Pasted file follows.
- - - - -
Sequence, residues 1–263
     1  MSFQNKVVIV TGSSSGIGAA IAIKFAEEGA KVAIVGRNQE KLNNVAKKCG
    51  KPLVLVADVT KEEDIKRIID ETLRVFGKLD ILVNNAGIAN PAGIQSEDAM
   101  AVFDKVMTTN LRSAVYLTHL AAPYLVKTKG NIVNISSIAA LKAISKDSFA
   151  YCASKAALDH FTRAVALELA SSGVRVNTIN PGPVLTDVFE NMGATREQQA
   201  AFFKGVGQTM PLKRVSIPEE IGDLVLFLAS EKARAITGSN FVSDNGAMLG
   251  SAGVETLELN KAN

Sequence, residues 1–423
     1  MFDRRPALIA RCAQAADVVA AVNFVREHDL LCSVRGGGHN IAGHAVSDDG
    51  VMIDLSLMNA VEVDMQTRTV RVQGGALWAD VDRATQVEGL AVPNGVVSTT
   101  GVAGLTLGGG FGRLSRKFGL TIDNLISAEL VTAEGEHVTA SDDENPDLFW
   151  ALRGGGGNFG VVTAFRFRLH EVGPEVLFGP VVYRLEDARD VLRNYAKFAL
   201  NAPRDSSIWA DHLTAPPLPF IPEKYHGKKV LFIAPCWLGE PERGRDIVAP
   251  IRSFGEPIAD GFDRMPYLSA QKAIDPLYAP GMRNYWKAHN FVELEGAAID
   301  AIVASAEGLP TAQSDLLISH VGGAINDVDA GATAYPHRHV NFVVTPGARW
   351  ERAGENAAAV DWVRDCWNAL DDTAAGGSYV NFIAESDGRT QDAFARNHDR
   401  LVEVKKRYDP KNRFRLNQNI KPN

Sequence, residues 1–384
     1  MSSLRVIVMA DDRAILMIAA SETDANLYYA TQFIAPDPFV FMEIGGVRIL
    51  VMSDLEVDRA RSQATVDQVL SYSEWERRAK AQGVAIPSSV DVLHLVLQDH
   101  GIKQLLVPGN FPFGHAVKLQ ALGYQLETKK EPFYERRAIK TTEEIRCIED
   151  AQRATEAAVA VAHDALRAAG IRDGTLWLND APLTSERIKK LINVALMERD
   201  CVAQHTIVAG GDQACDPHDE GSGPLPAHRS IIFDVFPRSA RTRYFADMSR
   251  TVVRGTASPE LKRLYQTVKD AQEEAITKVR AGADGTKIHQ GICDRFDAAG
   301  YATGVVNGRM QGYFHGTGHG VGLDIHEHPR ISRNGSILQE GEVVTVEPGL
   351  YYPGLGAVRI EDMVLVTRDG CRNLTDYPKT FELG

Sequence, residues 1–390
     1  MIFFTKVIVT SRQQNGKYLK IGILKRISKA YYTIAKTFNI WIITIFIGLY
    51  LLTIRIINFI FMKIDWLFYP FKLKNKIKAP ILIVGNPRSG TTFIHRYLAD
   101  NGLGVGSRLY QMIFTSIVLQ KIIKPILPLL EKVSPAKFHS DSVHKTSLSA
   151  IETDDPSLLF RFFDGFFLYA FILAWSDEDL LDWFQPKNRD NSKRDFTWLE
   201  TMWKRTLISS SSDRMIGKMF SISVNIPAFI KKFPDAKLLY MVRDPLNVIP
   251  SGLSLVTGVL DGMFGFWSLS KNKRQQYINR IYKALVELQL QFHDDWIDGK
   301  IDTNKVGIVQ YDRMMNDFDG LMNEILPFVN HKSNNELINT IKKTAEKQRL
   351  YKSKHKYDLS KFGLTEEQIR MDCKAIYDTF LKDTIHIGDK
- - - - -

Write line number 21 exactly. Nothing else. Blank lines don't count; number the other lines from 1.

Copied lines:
   101  GIKQLLVPGN FPFGHAVKLQ ALGYQLETKK EPFYERRAIK TTEEIRCIED